All eyes on Vietnam

Romesh Navaratnarajah14 Dec 2015

vietnamese flag

Vietnam could soon become the new property hotspot in the Asia Pacific region, challenging the likes of Bangkok and Singapore for investment dollars. Channel NewsAsia recently reported that the country’s growing middle-class, along with relaxed regulations on foreign ownership, could help the property market grow significantly in the near future.

At the moment, Vietnam’s economic outlook is healthy, which is one reason why prospective investors are starting to enter the market. The article stated that annual growth of six to seven percent is forecasted between now and 2020, driven by foreign investment and a slew of free trade deals such as the Trans-Pacific Partnership.

The real estate market has also seen quite a bit of action in recent years, with unsold real estate inventory in the entire country amounting to US$2.4 billion last month. The figure is nearly 50 percent lower than what it was in early 2013.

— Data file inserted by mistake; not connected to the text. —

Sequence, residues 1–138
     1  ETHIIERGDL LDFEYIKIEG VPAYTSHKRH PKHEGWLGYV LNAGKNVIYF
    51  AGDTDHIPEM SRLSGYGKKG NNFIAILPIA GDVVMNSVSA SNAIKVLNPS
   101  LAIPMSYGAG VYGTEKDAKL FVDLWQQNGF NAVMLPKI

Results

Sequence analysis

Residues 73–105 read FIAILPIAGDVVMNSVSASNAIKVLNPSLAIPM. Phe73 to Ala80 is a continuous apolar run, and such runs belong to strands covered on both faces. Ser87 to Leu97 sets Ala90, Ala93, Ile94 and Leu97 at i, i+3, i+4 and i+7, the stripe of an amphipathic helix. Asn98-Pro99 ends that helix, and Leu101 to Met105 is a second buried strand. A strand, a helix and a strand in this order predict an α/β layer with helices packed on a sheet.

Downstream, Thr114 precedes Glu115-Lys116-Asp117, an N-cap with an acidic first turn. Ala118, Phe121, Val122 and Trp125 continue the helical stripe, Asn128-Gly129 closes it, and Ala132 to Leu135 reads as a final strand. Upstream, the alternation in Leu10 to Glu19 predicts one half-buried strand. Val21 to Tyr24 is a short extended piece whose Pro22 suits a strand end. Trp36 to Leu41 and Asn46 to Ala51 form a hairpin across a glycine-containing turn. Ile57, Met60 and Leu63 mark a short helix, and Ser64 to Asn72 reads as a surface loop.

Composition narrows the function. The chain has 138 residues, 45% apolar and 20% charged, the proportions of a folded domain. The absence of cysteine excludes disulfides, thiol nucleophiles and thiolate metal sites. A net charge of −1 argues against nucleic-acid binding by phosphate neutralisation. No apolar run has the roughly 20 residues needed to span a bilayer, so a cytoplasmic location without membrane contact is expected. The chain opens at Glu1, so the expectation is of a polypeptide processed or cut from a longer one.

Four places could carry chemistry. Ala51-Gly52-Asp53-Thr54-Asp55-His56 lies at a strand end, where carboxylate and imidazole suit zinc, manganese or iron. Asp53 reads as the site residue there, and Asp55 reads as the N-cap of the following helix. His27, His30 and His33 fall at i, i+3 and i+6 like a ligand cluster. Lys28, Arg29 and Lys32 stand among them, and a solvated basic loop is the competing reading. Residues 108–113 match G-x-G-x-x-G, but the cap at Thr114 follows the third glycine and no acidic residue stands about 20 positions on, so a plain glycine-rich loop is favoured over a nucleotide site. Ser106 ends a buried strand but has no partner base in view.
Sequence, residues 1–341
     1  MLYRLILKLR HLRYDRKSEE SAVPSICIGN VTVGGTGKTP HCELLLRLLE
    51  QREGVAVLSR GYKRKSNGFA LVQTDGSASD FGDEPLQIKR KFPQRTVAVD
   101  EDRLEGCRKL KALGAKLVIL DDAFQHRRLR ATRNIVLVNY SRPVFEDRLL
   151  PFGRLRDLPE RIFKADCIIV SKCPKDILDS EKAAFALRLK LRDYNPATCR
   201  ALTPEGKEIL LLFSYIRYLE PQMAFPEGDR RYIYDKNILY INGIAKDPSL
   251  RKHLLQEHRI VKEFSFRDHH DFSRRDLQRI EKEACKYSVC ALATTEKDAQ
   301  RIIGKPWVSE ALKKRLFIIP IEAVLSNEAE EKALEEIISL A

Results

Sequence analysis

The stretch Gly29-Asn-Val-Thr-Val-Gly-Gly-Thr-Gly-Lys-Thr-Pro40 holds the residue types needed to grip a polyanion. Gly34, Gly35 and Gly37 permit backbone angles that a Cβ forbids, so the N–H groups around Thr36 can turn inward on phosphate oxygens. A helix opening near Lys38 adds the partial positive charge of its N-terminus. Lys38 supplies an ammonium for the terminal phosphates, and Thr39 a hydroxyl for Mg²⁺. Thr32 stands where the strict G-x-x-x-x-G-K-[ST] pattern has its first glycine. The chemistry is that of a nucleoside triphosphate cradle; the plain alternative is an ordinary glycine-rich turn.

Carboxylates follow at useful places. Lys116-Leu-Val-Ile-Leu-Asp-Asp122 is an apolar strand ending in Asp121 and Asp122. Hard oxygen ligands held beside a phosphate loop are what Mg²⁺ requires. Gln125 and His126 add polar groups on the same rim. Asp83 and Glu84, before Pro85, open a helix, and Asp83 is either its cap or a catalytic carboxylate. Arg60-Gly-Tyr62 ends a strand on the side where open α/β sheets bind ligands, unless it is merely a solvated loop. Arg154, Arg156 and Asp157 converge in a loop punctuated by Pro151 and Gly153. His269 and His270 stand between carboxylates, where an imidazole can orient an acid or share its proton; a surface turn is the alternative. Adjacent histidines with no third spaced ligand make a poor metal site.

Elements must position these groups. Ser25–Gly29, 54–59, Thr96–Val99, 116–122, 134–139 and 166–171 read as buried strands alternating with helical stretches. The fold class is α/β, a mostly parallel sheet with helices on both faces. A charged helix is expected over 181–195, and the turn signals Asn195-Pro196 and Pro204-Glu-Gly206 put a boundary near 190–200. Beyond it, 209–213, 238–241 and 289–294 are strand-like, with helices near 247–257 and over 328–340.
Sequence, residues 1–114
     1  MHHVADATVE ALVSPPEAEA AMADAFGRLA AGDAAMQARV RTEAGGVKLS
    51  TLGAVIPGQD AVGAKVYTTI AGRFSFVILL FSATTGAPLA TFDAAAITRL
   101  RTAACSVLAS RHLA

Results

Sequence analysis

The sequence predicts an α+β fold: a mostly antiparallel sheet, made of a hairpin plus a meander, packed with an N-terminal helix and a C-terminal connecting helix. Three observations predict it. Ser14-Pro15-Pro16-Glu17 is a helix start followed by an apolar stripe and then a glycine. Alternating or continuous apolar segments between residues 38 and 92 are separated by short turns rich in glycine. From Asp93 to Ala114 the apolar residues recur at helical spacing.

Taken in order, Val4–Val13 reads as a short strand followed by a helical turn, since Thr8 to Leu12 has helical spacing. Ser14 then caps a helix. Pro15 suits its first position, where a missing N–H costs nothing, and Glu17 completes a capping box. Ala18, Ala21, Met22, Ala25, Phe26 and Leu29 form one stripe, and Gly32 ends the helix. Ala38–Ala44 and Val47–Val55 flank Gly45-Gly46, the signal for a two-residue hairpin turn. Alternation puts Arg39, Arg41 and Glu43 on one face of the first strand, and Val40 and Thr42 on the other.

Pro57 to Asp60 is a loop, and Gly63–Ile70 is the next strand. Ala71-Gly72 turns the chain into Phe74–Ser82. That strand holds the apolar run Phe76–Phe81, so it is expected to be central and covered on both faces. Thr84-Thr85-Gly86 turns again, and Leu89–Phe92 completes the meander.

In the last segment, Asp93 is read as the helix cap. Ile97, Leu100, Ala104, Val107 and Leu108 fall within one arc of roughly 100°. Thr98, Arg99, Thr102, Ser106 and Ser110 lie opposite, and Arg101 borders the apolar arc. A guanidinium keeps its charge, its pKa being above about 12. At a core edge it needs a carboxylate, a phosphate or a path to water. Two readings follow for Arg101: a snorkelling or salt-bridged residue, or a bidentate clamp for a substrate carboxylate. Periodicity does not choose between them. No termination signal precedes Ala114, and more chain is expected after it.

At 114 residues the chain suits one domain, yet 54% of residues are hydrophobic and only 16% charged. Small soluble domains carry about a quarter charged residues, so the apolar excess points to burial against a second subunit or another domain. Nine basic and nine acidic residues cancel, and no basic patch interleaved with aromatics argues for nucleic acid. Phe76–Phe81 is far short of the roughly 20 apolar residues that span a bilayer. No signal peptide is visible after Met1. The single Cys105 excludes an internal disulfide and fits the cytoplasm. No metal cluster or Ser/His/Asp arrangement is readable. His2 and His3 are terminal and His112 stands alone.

A new law introduced by the government in July 2015 has made it possible for foreigners to purchase property in Vietnam. However, the upturn in investors has yet to materialise. While local confidence in the property market is high, rental yields are still proving to be an issue, keeping foreign investors at bay. For instance, apartment yields in Hanoi average five percent and around three to four percent for villas.

“The problem we’ve got here is rental yield. The rents are too low – still too low compared with the purchase price of property. So we have to use special techniques to make it work,” said Welsh property investor and multi-millionaire Kevin Green.

This is just one issue facing Vietnam before it can start to seriously challenge countries like Thailand for foreign real estate investment. There are also some issues with taxes that need to be worked out before Vietnam’s property sector can truly take off.

“Like how you transfer money from other countries into Vietnam. For example, after a few years if you want to sell the property how do you take out the profits and money back to your country? We need some guidelines from the State Bank of Vietnam,” said Pham Thanh Hung of Cen Group Holdings.

This article was first published on, Thailand’s leading property site.


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